Top 5: Best NHL All-Star Jerseys
The beauty of the All-Star Game jerseys is that they’re temporary, worn for only one game and then can either be recycled the following year or just forgotten completely. It’s only in the last couple decades that there’s been new designs being pumped out almost with every new ASG. Why? Because the NHL is a business that likes selling jerseys and people keep buying them. But, it also allows the jerseys to be much more trendy and rooted in the specific aesthetics of a certain era. Some are great and become timeless. Others, not so much, but today, it’s the better ones that we’ll be talking about today: the best jerseys of the worst from 60+ All-Star Games that the league has put on.
Looking for the worst All-Star jerseys? We posted that yesterday. Or read about this years version. (Also, all jersey images are compliments of the fine people over at nhluniforms.com.)
These jerseys are a great blending of (for the time) historical and modern aesthetics, drawing inspiration from the jerseys works at the 1939 Babe Siebert Memorial Game (which was basically an All-Star Game, with an all-star team playing against the Montreal Canadiens) and using more traditional striping patterns than the ASG jerseys worn from 1960–63, but mixed with more unique striping patterns than those used by the Original Six teams at the time. The blue jerseys were only introduced in 1969 when the ASG format was changed from an all-star team pitted against the previous season’s Stanley Cup champs to two teams of All-Stars pitted against each other. Not crazy about the numbers on the front, but part of me likes that better than the slapping the NHL logo on the front.
Yeah, these ones are pretty busy with a few strange decisions being made, the most obvious of which is squishing the players’ numbers on the front. There’s also the sunburst rays on the back and sleeves of the jerseys, but they kind of work here, as the stripes are thin and give some visual interest to what is otherwise a very straight-forward and minimalist jersey. Other great elements: making the NHL logo more interesting by using two tones of red/blue to give it some depth, the simple stars placed along the bottom of the jerseys, the subtle way the shoulder yoke lines curve around the sleeves from back to front, the two tones of blue on the blue jerseys. There’s a lot of subtle elements here that make a pretty cohesive and attractive jersey, and it’s trying to be innovative without being obnoxious about it.
The very first official All-Star Games were played wearing these jerseys with (aside from 1951–52) an all-star team playing the Cup champions, and the jerseys were brought back for the 75th anniversary of the NHL in 1992. Personally, I love the historicity of them, with the strange striped shoulder yokes being the obvious focus of the jersey. It works because the rest of the jersey in kept extremely minimal, with only a blue/white NHL logo and a band of stars taking up any space, along with a simple blue stripe along the bottom of the jersey. It’s a great balance between simplicity and unique design elements. And apparently Drake likes them too.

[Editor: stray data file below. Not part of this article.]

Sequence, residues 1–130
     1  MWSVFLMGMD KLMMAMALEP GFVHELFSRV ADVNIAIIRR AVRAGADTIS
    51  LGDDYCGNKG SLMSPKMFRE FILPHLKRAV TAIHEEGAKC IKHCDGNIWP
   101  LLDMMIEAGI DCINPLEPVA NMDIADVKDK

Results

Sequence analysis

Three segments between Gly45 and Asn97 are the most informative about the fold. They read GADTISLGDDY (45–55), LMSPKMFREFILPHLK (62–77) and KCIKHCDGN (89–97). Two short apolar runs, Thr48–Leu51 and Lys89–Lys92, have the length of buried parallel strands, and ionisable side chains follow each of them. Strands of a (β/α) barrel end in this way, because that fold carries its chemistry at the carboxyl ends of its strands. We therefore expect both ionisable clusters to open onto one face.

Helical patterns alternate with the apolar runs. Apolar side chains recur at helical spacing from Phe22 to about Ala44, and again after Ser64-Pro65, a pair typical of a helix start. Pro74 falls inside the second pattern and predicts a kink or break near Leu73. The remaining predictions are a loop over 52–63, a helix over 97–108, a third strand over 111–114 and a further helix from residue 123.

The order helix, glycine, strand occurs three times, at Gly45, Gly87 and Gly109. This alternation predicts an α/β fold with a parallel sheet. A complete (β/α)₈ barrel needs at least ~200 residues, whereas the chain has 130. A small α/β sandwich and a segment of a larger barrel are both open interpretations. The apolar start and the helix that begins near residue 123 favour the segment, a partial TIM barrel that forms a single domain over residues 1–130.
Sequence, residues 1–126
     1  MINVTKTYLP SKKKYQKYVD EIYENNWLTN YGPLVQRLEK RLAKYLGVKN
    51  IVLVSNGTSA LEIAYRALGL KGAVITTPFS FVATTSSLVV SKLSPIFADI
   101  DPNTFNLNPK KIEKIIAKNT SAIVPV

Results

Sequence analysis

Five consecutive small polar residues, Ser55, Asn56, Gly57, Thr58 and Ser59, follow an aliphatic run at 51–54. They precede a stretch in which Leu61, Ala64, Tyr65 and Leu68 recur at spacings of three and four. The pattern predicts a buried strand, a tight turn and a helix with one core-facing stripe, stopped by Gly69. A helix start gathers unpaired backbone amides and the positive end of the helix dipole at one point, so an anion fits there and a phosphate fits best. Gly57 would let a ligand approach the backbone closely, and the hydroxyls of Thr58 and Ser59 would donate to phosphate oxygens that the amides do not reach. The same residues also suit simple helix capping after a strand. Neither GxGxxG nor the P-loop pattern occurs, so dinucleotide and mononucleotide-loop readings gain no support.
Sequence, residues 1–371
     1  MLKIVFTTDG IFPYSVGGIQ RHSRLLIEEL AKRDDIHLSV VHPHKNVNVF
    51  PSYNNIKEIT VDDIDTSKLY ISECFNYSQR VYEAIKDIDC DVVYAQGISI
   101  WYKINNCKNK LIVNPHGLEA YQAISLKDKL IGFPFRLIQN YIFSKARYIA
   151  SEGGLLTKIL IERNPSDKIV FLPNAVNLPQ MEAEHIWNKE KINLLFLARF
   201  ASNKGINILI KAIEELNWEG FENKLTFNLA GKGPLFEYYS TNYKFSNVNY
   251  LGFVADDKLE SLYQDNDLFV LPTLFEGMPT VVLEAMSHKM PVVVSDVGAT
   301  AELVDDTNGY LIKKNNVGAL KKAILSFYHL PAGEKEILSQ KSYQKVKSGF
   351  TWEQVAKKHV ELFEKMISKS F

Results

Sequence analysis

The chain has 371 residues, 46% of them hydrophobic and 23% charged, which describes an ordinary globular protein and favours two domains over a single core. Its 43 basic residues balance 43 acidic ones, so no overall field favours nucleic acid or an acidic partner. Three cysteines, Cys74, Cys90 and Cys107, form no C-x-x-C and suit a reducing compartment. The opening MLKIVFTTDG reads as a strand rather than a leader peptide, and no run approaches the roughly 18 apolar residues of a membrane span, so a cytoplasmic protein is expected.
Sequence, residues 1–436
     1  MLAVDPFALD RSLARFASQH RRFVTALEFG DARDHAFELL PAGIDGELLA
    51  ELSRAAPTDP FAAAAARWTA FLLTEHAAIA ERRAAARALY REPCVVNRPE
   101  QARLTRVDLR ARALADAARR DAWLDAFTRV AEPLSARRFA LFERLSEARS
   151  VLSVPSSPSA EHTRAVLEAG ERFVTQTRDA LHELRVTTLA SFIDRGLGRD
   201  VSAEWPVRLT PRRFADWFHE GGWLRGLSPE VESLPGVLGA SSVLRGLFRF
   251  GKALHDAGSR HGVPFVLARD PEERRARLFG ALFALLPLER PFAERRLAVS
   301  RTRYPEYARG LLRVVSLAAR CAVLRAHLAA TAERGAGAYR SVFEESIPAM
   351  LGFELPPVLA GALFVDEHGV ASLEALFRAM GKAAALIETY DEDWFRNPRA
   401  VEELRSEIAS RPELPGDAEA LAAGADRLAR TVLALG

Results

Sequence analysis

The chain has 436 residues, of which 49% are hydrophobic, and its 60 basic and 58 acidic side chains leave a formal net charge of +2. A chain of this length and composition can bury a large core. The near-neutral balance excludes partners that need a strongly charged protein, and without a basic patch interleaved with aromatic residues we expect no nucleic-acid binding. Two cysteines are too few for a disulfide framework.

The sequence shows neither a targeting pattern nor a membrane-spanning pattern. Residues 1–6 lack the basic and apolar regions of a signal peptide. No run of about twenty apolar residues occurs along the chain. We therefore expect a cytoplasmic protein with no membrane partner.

The epitome of elegant simplicity, these jerseys were worn by NHL all-stars for the 1979 Challenge Cup series against the USSR, replacing the ASG that year. They may look a little boring, but there’s just something so fantastic about a classically-designed white hockey jersey, and these jerseys fit that perfectly. Simple and consistent striping, with the logo on the front. Iconic and an example of what makes hockey jersey so damn attractive. Not much else to say about them.
Back before the geo-specific NHL division/conference names, there were the Wales and Campbell Conferences, and the league smartly adopted the classic NY Rangers jersey styling of the cross-chest strip of lettering for both conferences (instead of creating new logos for the conferences, as they’ve done in other instances). Combine that with the orange/white/black aesthetics of the league’s logo at the time and the ’80s-era cuff-to-cuff shoulder yoke, and you’ve got a jersey that is both rooted in a specific era of design, but simple enough that it transcends its era and becomes iconic. Simple, consistent striping, awesome lettering and bold colours – an instant classic.
Agree? Disagree? What’s your favourite All-Star jersey? Let us know in the comments below.